Then the shitting starts. The first day out for a walk, alone with your precious angel perfect infant snug-wrapped close against your body, swaddled in the all-natural fiber baby wrap, imbuing you with a preternatural youthful beauty, though yours was a geriatric pregnancy. You wear white slip-on sneakers, the denim maxi-skirt from a French designer bought on sale at a boutique you permit yourself to browse in only once every two years, if that. The air as alive as you and your newborn. A bright calm clean day bears witness as you mother life upon your very being when your body decides to go rogue, and your anus explodes, a poop right there on the street. Your butthole expels a warm soft-serve you feel ooze down your thighs. You want to run the block and a half home but must keep the legs closed, fast walk in urgent tiny Geisha steps. Squeeze sphincter, squeeze sphincter, hold it, hold it… Almost home, your body relaxes before you are ready; something opens, dribbles out a warm splurt again. You all but throw your precious days-old cargo onto the bed, work fast to extricate yourself from the muslin cloth and leap onto the toilet. With speed and care you pull the postpartum mesh underwear down and out, so as to not spread the excrement even more, a move you will come to perfect in years to come when changing infants and toddlers in the same predicament. An expert in the tender cleaning of messes.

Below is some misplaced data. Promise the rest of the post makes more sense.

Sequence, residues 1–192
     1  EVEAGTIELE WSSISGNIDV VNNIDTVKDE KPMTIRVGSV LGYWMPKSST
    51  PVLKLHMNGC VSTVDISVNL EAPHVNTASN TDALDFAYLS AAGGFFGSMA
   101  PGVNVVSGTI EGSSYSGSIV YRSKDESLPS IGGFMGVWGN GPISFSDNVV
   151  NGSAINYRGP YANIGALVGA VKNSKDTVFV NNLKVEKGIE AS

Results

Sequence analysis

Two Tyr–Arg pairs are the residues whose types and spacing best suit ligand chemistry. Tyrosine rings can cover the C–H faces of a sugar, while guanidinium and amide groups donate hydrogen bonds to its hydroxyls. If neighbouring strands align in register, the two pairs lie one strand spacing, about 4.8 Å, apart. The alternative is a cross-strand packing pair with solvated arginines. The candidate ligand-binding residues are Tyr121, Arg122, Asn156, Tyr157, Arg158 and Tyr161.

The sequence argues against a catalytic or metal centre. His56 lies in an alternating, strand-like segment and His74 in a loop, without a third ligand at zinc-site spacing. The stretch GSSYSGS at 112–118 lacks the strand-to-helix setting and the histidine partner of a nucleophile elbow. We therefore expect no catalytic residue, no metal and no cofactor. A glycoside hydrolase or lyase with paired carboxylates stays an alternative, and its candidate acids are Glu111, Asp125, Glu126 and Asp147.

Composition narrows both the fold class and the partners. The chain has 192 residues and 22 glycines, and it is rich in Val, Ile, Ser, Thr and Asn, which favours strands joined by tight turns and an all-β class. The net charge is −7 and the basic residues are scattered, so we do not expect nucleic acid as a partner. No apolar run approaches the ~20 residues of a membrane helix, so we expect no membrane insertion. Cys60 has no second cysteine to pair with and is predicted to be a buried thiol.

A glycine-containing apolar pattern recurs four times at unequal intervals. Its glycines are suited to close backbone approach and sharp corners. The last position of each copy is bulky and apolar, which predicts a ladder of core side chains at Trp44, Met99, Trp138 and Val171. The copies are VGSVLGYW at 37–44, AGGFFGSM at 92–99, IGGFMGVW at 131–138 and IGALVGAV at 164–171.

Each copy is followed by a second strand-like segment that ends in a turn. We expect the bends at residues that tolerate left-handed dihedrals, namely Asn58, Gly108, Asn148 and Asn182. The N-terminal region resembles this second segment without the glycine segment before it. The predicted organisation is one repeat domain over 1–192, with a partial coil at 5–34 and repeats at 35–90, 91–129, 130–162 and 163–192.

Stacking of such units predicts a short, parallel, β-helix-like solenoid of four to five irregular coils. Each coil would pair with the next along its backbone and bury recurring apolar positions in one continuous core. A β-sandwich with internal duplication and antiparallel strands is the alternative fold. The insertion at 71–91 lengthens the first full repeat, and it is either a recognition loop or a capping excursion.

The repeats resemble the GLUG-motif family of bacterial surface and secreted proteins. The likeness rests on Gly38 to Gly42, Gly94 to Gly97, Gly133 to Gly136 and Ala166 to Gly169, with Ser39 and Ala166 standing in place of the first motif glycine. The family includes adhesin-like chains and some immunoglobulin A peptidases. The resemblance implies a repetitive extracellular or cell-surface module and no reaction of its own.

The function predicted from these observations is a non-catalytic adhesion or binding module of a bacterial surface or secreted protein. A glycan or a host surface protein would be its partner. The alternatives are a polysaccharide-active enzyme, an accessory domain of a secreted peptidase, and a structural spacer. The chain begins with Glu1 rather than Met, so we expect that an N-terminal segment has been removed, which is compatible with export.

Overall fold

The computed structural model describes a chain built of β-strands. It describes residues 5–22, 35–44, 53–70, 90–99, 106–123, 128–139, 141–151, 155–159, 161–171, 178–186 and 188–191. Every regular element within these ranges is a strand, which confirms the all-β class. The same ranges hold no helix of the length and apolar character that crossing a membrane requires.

A. Cabrera

A. Cabrera’s creative nonfiction and fiction have appeared in The New Guard, Brain,Child Magazine, Colere, Acentos Review, Berkeley Fiction Review, Best Travelers’ Tales 2021 Anthology, Deronda, Anti-Heroin Chic, and other journals. Their work has been nominated for a Pushcart Award and adapted for stage by the Bay Area Word for Word Theater Company.